Categories: Wildlife
Publish: 17/05/2024 01:00:05

'Fainting' Fox Found Lying By Side Of The Road Shocks Rescue Team

Recently, a woman named Andrea was walking in Toronto when she noticed something strange. There was a red fox stumbling off the side of the road. Worried for the fox, Andrea called the Toronto Wildlife Centre (TWC) hotline for help.

When the TWC rescuer arrived, they were stunned. The fox was behaving oddly — easily allowing himself to be captured and fainting immediately afterward.

“I’ve been doing wildlife rescue for almost 11 years,” the rescuer said in a press release. “I’ve only seen a fox play dead once before.”

fox near the curb Toronto Wildlife Centre

The rescuer rushed the fox to a wildlife hospital. Veterinarians did everything they could to rehydrate the fox and make him more comfortable. However, as the days went on, rescuers were saddened to realize the fox wasn’t improving. They had to try something else.

Vets suspected the fox was suffering from rodenticide poisoning and needed a blood transfusion. The team had emergency blood banks with cat and dog blood, but none with fox blood. Veterinarians knew time was running out. They took a chance and began a transfusion using dog blood. Miraculously, it worked.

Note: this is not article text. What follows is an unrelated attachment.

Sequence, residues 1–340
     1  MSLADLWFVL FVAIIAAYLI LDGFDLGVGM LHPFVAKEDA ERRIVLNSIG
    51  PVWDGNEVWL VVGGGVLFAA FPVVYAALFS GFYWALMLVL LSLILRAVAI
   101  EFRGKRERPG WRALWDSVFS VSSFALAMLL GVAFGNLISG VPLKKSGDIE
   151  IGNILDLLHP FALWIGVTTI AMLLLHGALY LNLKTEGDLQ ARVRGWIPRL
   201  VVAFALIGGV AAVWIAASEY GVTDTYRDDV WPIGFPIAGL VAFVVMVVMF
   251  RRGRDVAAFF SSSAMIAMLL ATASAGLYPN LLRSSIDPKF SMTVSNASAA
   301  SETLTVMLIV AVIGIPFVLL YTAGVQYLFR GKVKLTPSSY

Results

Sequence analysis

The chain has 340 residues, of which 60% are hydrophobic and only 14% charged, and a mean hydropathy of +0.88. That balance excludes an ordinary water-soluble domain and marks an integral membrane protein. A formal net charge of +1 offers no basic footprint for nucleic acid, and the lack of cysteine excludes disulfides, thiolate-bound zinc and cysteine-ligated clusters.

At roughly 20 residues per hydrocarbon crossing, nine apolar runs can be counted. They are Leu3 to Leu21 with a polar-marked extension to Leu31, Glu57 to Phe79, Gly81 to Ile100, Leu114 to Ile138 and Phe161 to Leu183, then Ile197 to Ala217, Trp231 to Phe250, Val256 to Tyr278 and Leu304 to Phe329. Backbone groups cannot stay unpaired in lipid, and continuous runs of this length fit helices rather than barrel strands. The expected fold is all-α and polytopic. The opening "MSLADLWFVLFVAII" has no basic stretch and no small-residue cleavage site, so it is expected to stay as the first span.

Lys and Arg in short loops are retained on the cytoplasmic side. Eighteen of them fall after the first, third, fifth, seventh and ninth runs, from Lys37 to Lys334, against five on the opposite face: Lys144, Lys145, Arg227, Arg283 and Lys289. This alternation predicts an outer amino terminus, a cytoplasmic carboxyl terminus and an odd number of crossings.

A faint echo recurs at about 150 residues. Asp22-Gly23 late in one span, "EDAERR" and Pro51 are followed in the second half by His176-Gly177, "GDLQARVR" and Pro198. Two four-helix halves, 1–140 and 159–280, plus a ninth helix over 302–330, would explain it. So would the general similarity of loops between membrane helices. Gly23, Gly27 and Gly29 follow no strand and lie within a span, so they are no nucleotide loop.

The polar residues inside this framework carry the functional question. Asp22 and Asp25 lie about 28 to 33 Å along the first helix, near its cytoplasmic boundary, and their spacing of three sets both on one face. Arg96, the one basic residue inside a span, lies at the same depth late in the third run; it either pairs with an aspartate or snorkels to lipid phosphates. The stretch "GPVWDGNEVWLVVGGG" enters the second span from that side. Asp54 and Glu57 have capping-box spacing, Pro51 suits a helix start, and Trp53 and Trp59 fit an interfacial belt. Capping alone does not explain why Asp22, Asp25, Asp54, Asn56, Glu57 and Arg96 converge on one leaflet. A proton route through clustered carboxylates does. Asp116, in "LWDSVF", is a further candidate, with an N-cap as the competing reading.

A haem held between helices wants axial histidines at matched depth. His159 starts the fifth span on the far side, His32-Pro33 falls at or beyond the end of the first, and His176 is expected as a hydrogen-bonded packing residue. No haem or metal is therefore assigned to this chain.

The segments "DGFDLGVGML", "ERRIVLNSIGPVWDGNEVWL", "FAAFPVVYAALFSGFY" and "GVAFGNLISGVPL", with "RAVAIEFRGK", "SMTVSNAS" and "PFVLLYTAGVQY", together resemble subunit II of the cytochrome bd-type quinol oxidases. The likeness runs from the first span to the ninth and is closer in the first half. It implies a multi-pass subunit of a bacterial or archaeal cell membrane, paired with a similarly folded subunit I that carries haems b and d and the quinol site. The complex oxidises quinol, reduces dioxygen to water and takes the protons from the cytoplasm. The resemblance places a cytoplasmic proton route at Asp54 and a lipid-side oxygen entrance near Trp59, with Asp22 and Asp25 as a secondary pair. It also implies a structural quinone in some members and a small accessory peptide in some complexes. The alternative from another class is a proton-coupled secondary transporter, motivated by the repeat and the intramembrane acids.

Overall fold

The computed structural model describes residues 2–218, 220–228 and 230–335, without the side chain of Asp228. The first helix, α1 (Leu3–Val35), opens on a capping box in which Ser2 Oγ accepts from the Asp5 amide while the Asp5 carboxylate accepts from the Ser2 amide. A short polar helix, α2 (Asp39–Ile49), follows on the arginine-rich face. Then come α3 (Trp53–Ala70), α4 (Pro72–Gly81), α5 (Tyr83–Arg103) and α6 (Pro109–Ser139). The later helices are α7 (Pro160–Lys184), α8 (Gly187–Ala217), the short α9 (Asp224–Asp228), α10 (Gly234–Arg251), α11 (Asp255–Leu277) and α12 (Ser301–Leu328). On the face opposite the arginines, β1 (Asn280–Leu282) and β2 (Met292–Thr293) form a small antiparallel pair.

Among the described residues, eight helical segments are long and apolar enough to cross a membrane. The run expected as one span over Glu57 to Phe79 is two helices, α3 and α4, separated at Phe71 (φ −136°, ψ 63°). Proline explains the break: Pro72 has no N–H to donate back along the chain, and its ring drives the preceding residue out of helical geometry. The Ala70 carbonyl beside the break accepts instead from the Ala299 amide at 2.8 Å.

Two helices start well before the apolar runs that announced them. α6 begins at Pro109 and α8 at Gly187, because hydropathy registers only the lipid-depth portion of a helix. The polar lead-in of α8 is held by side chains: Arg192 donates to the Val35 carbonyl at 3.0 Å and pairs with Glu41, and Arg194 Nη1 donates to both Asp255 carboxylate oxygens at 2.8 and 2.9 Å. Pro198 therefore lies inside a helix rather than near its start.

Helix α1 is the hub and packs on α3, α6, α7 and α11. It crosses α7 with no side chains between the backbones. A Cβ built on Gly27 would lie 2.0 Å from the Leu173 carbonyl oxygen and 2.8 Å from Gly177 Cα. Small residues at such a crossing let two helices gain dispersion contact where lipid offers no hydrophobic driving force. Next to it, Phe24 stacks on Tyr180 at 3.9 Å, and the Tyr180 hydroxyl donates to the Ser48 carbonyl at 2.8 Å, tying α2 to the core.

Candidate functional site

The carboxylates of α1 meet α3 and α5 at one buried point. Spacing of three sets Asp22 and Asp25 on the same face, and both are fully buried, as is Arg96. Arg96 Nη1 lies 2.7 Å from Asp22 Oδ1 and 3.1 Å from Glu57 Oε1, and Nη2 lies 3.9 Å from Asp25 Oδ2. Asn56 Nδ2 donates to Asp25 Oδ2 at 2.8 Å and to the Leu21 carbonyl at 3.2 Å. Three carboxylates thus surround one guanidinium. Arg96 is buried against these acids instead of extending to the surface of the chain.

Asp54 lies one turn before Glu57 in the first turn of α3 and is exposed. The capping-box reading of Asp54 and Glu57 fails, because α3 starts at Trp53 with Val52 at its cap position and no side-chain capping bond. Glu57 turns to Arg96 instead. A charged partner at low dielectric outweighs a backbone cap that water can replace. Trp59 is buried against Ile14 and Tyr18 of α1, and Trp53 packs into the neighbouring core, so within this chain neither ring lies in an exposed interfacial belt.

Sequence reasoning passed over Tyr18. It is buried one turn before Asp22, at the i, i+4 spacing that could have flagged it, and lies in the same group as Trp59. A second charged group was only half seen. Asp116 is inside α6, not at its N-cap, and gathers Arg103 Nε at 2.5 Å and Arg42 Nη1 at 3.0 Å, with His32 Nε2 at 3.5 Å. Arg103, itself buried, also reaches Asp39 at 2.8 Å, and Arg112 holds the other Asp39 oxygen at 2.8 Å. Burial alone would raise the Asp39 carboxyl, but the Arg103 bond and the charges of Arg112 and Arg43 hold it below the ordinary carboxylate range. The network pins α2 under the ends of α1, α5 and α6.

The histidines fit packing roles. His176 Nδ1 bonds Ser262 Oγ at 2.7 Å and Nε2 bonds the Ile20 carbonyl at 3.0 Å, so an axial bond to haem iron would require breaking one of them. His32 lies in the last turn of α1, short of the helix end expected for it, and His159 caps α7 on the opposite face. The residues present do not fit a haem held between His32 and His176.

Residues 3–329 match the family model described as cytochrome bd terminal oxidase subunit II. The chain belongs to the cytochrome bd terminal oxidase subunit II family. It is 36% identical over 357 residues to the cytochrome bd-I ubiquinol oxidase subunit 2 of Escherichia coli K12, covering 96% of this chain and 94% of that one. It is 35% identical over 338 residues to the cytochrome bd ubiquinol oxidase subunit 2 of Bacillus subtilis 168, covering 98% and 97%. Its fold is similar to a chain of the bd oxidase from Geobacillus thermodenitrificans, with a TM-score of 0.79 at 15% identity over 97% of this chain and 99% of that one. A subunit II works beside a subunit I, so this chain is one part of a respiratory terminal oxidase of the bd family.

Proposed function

“By the end of the procedure, the fox already seemed a bit brighter,” TWC wrote in a press release. “[B]y the next day he was more aware and responsive.”

fox in bed Toronto Wildlife Centre

While this particular fox was fortunate to have received treatment for poisoning, not all animals are so lucky. All too often, rodenticide poison ends up impacting wildlife higher up the food chain, causing illness and death due to unintended exposure. For that reason, biologists urge the use of more sustainable pest control practices.

“The truth is, the only reason people have been using poisons for a long time is that it’s quick, easy and cheap,” Seth Riley, a biologist for the National Park Service, told The Dodo. “There are a ton of ways to solve pest problems without using poison — and various folks have been working hard on every level to ask people to stop using them and for stores to stop selling them. As long as these animals continue to be exposed, it will clearly continue to be an issue.”

Thanks to a bit of quick thinking on behalf of the veterinary team, the fox is now stable and eating well. Soon enough, he’ll be back to his life outdoors.

fox Toronto Wildlife Centre

“[H]e needs a full 30-day treatment to help his body recover,” TWC wrote in the press release. “And then, happily, he’ll be released back into the wild to continue his life!”

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